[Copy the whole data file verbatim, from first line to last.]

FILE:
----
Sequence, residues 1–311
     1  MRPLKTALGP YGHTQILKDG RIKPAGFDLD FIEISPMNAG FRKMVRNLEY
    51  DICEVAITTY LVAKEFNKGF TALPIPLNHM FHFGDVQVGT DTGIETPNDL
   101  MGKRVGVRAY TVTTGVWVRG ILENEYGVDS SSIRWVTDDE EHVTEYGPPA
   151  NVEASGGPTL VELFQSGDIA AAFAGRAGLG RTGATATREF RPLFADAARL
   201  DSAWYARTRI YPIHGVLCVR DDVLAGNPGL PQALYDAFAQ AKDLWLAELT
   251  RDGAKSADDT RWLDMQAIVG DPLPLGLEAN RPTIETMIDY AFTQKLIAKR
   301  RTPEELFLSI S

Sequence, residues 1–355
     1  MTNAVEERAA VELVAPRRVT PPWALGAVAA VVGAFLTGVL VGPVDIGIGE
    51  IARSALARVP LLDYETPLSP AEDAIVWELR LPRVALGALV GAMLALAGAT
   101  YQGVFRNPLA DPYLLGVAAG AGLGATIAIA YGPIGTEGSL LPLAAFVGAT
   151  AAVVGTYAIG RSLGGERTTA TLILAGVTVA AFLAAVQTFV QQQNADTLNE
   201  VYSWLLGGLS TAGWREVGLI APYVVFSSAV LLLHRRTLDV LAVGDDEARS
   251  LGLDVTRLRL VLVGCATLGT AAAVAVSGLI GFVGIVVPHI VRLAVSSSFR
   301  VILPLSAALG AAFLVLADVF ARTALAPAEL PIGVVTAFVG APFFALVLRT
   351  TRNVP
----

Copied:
Sequence, residues 1–311
     1  MRPLKTALGP YGHTQILKDG RIKPAGFDLD FIEISPMNAG FRKMVRNLEY
    51  DICEVAITTY LVAKEFNKGF TALPIPLNHM FHFGDVQVGT DTGIETPNDL
   101  MGKRVGVRAY TVTTGVWVRG ILENEYGVDS SSIRWVTDDE EHVTEYGPPA
   151  NVEASGGPTL VELFQSGDIA AAFAGRAGLG RTGATATREF RPLFADAARL
   201  DSAWYARTRI YPIHGVLCVR DDVLAGNPGL PQALYDAFAQ AKDLWLAELT
   251  RDGAKSADDT RWLDMQAIVG DPLPLGLEAN RPTIETMIDY AFTQKLIAKR
   301  RTPEELFLSI S

Sequence, residues 1–355
     1  MTNAVEERAA VELVAPRRVT PPWALGAVAA VVGAFLTGVL VGPVDIGIGE
    51  IARSALARVP LLDYETPLSP AEDAIVWELR LPRVALGALV GAMLALAGAT
   101  YQGVFRNPLA DPYLLGVAAG AGLGATIAIA YGPIGTEGSL LPLAAFVGAT
   151  AAVVGTYAIG RSLGGERTTA TLILAGVTVA AFLAAVQTFV QQQNADTLNE
   201  VYSWLLGGLS TAGWREVGLI APYVVFSSAV LLLHRRTLDV LAVGDDEARS
   251  LGLDVTRLRL VLVGCATLGT AAAVAVSGLI GFVGIVVPHI VRLAVSSSFR
   301  VILPLSAALG AAFLVLADVF ARTALAPAEL PIGVVTAFVG APFFALVLRT
   351  TRNVP